Amateur pilots around the world are busy creating ‘artistic’ videos high above their back garden. Drone racing, though, is another league altogether.
ESPN has picked up drone racing and is determined to turn it into a serious spectator sport. Essentially the drones race on marked courses, with drivers taking control of their craft through VR headsets.
The races, on lit courses punctuated with fireworks, end up looking like video games and that makes for good TV.
15-year-old Luke Bannister took the honors at the World Drone Prix in Dubai with his Tornado X-Blades Banni UK entry. He perfected his skills in indoor carparks and the streets.
The Tornado X-Blades Banni UK drone does 0-60mph in just 1.3s with a long enough straight it has a top speed of 115mph. It also has to be lightweight, or it won’t fly, so the 1400mah battery helps keep it to just 700g.
Bike: Alta Redshift MX
Motocross races are short, explosive, relatively low speed and the bikes need low-down torque to power out of bends. Electric power is tailor-made for this now that the batteries are light enough.
The Alta Redshift MX has been eight years in the making and the designers might just have made good on their promise. They didn’t just want to make the best electric bike, they wanted it to be the best bike on the track.
With 36lb/ft of torque and 40bhp on tap, this 251lb bike is full of clever tech. That includes the resin frame that has ribs for reinforcement, like an aircraft fuselage.
It deserves a one-make series and it just has to happen.
7. Dakar Rally
Car: Acciona 100% Ecopowered
The Dakar Rally is a much smaller event these days. It used to be a titanic journey from Paris to the heart of Africa, but the 2016 event was an odyssey across Bolivia and into Argentina.
It’s still an incredible test for the bikes, trucks and cars that go off-road and cover vast tracts of land over two weeks. In 2014, the Spanish Acciona team brought the 100% Ecopowered to the party and in 2016 it finished for the first time.
It comes with a 250kW (335bhp) synchronous electric motor that churns out 590 lb/ft of torque. The car features a solar panel on the roof to get a fraction more range, too, and it comes with a Tesla-supplied 150kWh battery pack.
The car will only do 93mph, but then you really don’t need more on this terrain.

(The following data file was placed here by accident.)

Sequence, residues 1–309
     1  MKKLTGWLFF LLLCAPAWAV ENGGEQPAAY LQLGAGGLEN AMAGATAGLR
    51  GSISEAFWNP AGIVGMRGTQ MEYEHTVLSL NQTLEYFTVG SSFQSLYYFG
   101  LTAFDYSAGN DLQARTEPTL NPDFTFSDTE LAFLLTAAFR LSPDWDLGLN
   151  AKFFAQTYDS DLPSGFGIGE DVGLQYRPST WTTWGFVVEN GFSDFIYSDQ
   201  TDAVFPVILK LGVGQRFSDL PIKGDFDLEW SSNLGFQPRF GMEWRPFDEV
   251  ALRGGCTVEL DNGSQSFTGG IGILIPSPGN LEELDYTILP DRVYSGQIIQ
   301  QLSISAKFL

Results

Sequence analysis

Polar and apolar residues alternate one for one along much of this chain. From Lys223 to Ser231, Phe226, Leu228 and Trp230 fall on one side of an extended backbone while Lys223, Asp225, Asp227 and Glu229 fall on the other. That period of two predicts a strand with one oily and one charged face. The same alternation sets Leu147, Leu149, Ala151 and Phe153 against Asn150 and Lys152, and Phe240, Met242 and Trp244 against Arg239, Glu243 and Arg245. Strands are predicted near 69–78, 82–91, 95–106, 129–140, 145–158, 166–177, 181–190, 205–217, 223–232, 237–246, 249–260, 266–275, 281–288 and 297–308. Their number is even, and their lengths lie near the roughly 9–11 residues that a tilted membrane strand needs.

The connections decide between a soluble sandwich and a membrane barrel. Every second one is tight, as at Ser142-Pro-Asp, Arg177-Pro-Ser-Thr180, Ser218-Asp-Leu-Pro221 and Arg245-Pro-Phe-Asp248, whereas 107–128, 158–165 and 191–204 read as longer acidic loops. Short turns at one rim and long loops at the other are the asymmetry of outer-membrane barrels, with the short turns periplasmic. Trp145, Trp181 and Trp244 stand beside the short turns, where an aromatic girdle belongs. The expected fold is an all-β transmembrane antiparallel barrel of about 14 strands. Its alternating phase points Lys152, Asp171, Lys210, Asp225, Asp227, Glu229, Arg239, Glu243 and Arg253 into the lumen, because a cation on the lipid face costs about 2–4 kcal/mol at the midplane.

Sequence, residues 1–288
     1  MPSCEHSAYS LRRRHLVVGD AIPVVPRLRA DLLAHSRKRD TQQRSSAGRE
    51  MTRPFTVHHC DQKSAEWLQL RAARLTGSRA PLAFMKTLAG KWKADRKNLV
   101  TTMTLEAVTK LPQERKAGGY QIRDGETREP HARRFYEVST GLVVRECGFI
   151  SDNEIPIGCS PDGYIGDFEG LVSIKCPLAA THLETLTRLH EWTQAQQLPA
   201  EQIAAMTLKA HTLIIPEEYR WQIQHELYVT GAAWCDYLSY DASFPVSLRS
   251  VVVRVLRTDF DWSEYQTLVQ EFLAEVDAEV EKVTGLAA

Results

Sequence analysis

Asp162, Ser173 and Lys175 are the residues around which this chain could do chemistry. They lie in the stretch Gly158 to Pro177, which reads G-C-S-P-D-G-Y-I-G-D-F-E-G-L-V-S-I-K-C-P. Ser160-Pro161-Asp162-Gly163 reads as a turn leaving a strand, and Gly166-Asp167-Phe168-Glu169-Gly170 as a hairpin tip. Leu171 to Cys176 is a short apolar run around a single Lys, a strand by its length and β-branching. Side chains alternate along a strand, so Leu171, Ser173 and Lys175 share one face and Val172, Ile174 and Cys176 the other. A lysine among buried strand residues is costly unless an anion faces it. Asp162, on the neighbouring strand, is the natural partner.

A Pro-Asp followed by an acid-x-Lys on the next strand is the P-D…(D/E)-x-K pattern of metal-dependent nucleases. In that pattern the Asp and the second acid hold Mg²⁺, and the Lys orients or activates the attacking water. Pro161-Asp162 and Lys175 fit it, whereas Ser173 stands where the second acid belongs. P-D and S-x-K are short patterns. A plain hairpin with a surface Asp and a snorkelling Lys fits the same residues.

Acciona is a renewable energy company that concentrates on solar, thermal and hydroelectric power. So the car is a PR exercise, but it’s also a fantastic demonstration of electric power at work. If it can handle this kind of adventure, it can get you to work every day.
Of course electric cars are heading to the next level, with autonomous technology. Now we have a race series with no drivers.
Roborace will support Formula E this year and the futuristic cars with duke it out with the help of algorithms created by software engineers.
There’s some pretty intense science going on, but Roborace hopes it will help advance autonomous driving technology and bring in the big name manufacturers as sponsors.
Eventually the cars will do 190mph, although we don’t expect them to go full speed at the first meeting. For now, just revel in the cutting edge look that comes from the mind of automotive futurist and conceptual artist Daniel Simon and think about these cars going to war without the human survival instinct forcing them out of a late braking move.
It’s an intriguing prospect. It could be epic, it could be horrible and the cars could just finish in a mangled mess at the first corner.
We just don’t know, which is why we’re anxiously awaiting Roborace.
9. Drag Racing
Bike: Lawless Racing Rocket
Massive acceleration and supreme straight line speed are pretty much all drag racers care about. Weight doesn’t really come into the equation, except when it slows them down.
Electric power, then, could be the answer they’ve been looking for. It was for Lawless Electric, which produced a drag racing bike that beat the 200mph mark all the way back in 2012.
As battery technology has come on in leaps and bounds in the last four years, this is a record that is surely ripe for the taking.
Lawless Industries worked with the legendary Orange Country Choppers to create the Rocket drag bike. Larry ‘Spiderman’ McBride climbed aboard the bike packed with 1000kW (1350bhp) of electric power.
At the Virginia Motorsports Park, he hit 201.37mph in just 402 meters, recording a quarter-mile time of just 6.94s.
10. Student racing
Car: AMZ Grimsel
Every year students from around the world go to war with electric cars they designed themselves in the Formula Student event.
This is a serious competition and a team of 30 students from ETH Zurich and the Lucerne University of Applied Sciences and Arts have created a car that hits 60mph in just 1.513s. It took just 30m of track to get there.
Grimsel was the team’s fifth entry and it’s a four-wheel-drive machine that uses an electric motor for each wheel and produces 150kW (200bhp). Peak horsepower isn’t really the issue, though, the Formula Student event is all about acceleration and the torque figure is what really matters. That is a totally disproportionate 1254lb/ft.
The car weighs just 370lb thanks to extensive use of carbon fiber and other lightweight materials. It’s also tiny, so it doesn’t really have any real world application. But it is a stunning car and it shows just what electric power is capable of.
What’s your favorite electric motorsport competition on our list?